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ECONOMY

Time to raise Swedish interest rate – Riksbank

Deputy Riksbank governor Irma Rosenberg said on Friday that the Swedish economy is growing stronger than expected in the last Inflation Report published in early December.

That will boost inflation, she said, and it is now time for the central bank to start hiking its governing interest rate, the repo rate.

“I therefore believe that there is reason, given the information we have today, to now take the first step towards normalising the level of the repo rate and thereby making monetary policy less expansionary. It would also entail a slight reduction in the stimulation effect on the housing market,” said Rosenberg in a speech in Sweden.

“All in all, I do not consider there to be reason at present to make any significant revision to our view of future inflation prospects; inflation can be expected to rise gradually towards the target of 2 percent when capacity utilisation increases in the wake of the strong growth rate,” she added.

AFP

ECONOMY

Sweden’s new right-wing govt slashes development aid

Sweden, one of the world's biggest international donors, is planning drastic aid cuts in the coming years, the country's new right-wing government said in its budget bill presented on Tuesday.

Sweden's new right-wing govt slashes development aid

Prime Minister Ulf Kristersson’s government said it planned to reduce the country’s international aid by 7.3 billion kronor ($673 million) in 2023, and by another 2.2 billion kronor in 2024.

That is around a 15-percent reduction from what had been planned by the previous left-wing government and means Sweden will abandon its foreign aid target of 1 percent of gross national income.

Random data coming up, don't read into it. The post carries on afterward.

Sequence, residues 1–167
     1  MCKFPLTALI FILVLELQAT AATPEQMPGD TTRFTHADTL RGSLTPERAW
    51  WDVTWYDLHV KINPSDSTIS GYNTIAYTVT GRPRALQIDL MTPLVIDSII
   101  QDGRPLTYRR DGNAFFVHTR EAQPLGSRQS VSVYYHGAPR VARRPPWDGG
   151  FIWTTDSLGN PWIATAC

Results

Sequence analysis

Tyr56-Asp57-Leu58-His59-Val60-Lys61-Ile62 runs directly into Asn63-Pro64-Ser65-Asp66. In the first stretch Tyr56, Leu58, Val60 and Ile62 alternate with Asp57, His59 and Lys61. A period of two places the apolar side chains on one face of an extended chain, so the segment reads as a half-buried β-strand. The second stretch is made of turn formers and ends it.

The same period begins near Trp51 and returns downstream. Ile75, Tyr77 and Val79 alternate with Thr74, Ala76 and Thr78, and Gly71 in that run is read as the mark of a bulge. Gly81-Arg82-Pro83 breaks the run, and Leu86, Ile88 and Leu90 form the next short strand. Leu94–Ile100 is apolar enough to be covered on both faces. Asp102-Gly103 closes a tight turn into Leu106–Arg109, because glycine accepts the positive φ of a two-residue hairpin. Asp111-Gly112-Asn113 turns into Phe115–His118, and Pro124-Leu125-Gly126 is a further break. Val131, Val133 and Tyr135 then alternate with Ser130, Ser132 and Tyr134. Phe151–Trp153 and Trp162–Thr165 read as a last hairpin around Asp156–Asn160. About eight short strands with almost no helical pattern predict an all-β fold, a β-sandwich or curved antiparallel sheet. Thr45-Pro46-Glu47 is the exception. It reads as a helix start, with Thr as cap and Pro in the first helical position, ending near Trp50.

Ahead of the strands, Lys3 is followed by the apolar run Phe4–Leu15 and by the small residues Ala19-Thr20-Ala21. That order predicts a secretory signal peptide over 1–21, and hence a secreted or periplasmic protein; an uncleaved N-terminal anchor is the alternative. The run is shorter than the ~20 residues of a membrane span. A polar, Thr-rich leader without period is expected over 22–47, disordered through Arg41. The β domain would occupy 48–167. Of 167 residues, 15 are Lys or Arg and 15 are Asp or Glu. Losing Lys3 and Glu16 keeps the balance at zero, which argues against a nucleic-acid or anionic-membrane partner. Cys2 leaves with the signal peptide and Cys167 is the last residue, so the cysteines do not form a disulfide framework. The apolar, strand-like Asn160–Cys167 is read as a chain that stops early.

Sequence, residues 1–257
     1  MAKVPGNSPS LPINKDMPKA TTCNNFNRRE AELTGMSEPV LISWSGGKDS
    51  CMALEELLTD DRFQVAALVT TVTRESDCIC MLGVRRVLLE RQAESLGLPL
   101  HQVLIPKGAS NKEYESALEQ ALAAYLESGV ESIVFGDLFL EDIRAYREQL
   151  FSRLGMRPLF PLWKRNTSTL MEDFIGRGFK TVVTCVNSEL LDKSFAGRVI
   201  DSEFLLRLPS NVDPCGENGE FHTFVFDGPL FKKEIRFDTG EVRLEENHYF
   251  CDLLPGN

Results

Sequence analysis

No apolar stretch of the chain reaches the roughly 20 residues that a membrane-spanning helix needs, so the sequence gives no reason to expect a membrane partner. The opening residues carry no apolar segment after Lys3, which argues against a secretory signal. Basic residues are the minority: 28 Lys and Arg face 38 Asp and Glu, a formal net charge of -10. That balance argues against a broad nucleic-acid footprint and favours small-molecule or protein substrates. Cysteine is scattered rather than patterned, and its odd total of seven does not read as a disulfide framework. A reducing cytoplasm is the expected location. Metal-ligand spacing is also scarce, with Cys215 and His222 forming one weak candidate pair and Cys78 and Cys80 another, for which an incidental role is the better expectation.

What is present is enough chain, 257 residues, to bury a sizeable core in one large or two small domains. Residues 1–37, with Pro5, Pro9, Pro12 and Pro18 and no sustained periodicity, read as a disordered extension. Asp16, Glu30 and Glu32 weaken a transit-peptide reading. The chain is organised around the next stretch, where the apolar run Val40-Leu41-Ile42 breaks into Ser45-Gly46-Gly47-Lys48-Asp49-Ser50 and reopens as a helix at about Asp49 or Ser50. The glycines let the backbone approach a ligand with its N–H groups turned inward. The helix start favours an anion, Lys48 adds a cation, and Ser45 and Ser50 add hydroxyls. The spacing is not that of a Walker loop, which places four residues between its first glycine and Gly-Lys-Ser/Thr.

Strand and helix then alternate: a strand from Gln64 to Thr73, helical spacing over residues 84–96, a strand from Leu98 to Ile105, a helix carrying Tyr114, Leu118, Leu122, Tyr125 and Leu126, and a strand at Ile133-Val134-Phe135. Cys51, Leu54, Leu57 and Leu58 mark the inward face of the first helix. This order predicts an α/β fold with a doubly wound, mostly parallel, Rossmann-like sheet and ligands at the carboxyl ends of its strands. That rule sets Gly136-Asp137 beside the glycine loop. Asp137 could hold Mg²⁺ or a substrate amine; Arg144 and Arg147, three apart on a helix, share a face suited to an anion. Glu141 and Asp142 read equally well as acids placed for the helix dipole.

International aid for refugees will be capped at a maximum of eight percent of its aid, and will also be reduced.

According to the specialised site Donor Tracker, Sweden was the world’s eighth-biggest international aid donor in terms of absolute value last year, and the third-biggest in proportion to the size of its economy, donating 0.92 percent of its gross national income, behind Luxembourg and Norway.

The new government, which is backed for the first time by the anti-immigration Sweden Democrats, had announced in its government programme last month that it would be cutting foreign aid.

Since 1975, Stockholm has gone further than the UN’s recommendation of donating at least 0.7 percent of its wealth to development aid.

Despite its growth forecast being revised downwards — the economy is expected to shrink by 0.4 percent next year and grow by 2 percent in 2024 — the 2023 budget forecasts a surplus of 0.7 percent of gross domestic product.

It calls for an additional 40 billion kronor in spending, with rising envelopes for crime fighting and the building of new nuclear reactors, as well as a reduction in taxes on petrol and an increase in the defence budget.

The new government is a minority coalition made up of Kristersson’s conservative Moderates, the Christian Democrats and the Liberal party, backed in parliament by their key ally the Sweden Democrats to give them a majority.

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